The Big Read: Is 'Squid Game' bad for children?

Parents worried about their children mimicking the Netflix series should reflect on the games their own generation played — and focus instead on the really scary stuff in modern life
The Big Read: Is 'Squid Game' bad for children?

Seong Gi-hun (Lee Jung-jae), Cho Sang-woo (Park Hae-soo), and Kang Sae-byeok (Jung Ho-yeon) go into battle in ‘Squid Game’. Given the themes in the series, the real fear may be that children will be exposed to a searing critique of late-stage capitalism. Picture: Netflix

As a member of the target group, I was comforted rather than alarmed when the Squid Game warnings to parents began, with schools from Ireland to Australia saying that children were mimicking scenes from the 15-rated show in the playground. 

While I’d seen the show crop up on my Netflix suggestions when it was released in late September, the kids, naturally enough, were ahead of the curve — Snapchat quickly lighting up with mentions of the latest sensation, and classroom conversations about it relayed with excitement as soon as the schoolbags dropped on the floor.

There was something reassuring in the mounting hysteria, as it’s been a while since we’ve been able to indulge in a good old-fashioned moral panic — who remembers the Killer Clown sightings of 2016 or the Momo Challenge of 2019?

Long before that, people of a certain age will remember the video nasty, that great corruptor of 1980s children. Hurrah, then, for this particular episode of social contagion, which has made it feel just like old times, though there’s a real irony in the fact that the Squid Game debate provides something of a welcome distraction from a real-life pandemic.

While much of the content is certainly chilling, 'Squid Game' offers no more tangible danger to children than the sometimes violent TV series of our own childhood. Picture: Netflix
While much of the content is certainly chilling, 'Squid Game' offers no more tangible danger to children than the sometimes violent TV series of our own childhood. Picture: Netflix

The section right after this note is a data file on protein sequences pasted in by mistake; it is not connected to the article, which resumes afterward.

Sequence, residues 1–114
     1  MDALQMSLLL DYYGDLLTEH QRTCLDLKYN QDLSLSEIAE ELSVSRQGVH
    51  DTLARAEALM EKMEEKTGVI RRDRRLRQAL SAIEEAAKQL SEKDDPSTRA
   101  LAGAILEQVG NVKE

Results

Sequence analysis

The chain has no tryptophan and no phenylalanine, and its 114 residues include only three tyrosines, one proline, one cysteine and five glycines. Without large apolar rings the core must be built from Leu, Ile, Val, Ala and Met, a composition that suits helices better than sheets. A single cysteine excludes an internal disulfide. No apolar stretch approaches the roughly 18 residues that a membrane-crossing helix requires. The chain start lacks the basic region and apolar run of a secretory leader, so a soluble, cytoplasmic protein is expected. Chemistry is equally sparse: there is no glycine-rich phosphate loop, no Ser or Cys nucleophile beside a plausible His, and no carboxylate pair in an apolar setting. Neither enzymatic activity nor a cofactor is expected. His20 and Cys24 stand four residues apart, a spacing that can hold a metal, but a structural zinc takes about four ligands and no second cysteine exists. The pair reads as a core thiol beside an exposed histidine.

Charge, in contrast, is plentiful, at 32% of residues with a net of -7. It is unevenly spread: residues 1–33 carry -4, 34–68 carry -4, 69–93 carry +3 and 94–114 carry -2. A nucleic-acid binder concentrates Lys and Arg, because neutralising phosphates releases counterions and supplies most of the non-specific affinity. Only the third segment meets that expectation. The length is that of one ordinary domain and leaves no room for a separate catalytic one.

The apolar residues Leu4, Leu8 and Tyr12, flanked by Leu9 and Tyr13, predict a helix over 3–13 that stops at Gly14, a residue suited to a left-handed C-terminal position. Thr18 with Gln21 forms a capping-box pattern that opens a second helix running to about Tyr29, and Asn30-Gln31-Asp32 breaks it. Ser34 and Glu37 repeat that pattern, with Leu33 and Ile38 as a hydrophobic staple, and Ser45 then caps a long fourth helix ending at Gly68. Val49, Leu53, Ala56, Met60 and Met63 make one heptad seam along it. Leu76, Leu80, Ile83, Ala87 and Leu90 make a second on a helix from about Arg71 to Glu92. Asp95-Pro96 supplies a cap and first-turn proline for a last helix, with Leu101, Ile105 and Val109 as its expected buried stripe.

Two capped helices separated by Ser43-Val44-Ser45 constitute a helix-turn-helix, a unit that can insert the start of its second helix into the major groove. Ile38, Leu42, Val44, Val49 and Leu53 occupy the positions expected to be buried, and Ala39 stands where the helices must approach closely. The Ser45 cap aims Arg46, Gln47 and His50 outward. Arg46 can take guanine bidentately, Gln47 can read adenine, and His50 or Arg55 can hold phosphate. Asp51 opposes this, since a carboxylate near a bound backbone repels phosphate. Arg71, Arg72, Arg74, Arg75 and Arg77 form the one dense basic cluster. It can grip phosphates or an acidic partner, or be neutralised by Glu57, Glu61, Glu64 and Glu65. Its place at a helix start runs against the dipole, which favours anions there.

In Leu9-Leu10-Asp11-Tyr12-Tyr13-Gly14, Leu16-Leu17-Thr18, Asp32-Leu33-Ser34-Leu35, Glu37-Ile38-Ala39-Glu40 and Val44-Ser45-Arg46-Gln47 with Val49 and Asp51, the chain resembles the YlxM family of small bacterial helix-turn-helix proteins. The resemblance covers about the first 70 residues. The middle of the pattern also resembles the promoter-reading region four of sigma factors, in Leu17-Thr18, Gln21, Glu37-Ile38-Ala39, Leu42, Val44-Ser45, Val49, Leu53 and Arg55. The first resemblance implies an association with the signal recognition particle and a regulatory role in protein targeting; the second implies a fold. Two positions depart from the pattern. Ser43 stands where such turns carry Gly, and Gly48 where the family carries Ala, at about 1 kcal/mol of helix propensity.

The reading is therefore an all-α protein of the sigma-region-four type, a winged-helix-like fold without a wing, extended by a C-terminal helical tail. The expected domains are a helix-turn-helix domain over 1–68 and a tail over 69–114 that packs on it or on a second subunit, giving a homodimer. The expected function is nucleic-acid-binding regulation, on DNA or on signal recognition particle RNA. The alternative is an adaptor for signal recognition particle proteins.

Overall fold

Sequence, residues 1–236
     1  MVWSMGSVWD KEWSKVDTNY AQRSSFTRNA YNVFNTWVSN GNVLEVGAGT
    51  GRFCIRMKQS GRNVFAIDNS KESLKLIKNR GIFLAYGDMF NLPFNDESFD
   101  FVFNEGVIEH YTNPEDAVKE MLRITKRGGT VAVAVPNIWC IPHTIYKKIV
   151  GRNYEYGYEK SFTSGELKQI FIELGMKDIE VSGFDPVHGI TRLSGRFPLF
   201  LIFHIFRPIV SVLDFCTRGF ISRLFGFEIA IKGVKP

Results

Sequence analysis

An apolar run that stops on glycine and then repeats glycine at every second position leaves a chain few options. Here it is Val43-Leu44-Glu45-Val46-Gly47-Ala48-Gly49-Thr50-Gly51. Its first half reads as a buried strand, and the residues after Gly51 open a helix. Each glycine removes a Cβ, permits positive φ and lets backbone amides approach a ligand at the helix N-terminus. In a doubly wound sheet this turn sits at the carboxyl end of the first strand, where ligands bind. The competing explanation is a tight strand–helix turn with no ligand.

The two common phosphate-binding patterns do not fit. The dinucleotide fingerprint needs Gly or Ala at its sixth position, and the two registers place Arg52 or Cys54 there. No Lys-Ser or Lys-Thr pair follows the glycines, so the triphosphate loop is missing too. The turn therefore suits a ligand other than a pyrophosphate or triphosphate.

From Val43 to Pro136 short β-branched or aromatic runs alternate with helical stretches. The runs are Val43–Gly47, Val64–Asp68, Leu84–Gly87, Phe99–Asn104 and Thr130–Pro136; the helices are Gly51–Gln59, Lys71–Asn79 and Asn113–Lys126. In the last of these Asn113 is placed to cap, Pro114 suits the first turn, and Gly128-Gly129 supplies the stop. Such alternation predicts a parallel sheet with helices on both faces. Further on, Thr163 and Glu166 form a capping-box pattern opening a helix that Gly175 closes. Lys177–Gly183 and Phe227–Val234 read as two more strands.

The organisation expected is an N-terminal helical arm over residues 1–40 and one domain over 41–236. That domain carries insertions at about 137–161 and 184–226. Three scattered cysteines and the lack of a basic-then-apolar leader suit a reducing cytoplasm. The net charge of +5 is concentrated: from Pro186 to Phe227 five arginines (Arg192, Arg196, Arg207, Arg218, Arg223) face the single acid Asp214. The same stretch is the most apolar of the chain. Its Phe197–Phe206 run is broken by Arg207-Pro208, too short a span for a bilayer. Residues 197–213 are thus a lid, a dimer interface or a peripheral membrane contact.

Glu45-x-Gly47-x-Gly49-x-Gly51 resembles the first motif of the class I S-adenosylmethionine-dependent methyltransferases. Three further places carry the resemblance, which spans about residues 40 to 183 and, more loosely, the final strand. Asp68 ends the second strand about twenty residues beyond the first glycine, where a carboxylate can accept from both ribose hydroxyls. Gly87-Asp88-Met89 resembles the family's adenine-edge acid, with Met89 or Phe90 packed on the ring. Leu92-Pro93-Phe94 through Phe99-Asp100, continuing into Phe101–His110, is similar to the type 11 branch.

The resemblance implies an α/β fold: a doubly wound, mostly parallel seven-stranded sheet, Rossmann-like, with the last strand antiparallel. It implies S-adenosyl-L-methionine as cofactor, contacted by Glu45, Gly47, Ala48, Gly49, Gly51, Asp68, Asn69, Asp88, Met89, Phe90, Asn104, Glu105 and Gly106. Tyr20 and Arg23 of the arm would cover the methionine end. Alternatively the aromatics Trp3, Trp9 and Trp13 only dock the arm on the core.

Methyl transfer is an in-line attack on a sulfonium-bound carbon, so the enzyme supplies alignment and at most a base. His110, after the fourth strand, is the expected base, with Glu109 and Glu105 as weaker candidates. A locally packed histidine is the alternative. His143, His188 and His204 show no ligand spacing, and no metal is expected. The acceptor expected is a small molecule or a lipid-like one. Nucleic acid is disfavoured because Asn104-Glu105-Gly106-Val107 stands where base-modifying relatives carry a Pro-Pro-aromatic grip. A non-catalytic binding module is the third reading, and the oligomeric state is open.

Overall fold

As in most examples of moral panic, here we have a classic case where there’s no tangible danger to children in imaginatively adapting something they have seen or heard of for the purposes of fun. 

The interesting twist on this particular instance of fear-mongering is the fact that the show depicts actual children’s playground games such as marbles and tug of war. 

Granted, what comes afterwards in Squid Game isn’t quite as child-friendly, but there’s no danger that children are going to start gunning each other down at break-time.

And what parents wouldn’t like to see their kids return to the halcyon days of running amok in the playground, given that many of the games that defined their own childhood are now off-limits because of safety/insurance concerns? 

We often hear about the importance of getting kids off screens — but now we’re hearing complaints about the fact that they are outside exercising their imaginations. 

Playing, from fairytales to cops and robbers, is how children learn to navigate the real world — good and bad. It seems ridiculous to even write it, but just as a six-year-old who plays at being an astronaut more than likely won’t end up in space, pretending to be violent is not a predictor of violent behaviour in adulthood. 

You’ll have to search long and hard for evidence of any correlation between them.

Likewise, there is no evidence, other than anecdotal, to suggest that young children are in fact watching Squid Game in large numbers. It’s far more likely that in many cases they’re not mimicking Squid Game but rather mimicking each other, which is what children do. And if they are copying the shooting scenes, is it any different to my dad playing cowboys in his time, or me and my friends playing Charlie’s Angels (iconic gun pose included) in ours? 

When so much of their entertainment is mediated through big tech, surely we should be encouraging children to give their imaginations free rein.

Farrah Fawcett, Kate Jackson, and Jaclyn Smith pictured in 1977 in a promotional shot for the original 'Charlie's Angels' series. And no, they're not praying — that's the trio's iconic gun pose. Picture: Pictorial Parade/Getty Images
Farrah Fawcett, Kate Jackson, and Jaclyn Smith pictured in 1977 in a promotional shot for the original 'Charlie's Angels' series. And no, they're not praying — that's the trio's iconic gun pose. Picture: Pictorial Parade/Getty Images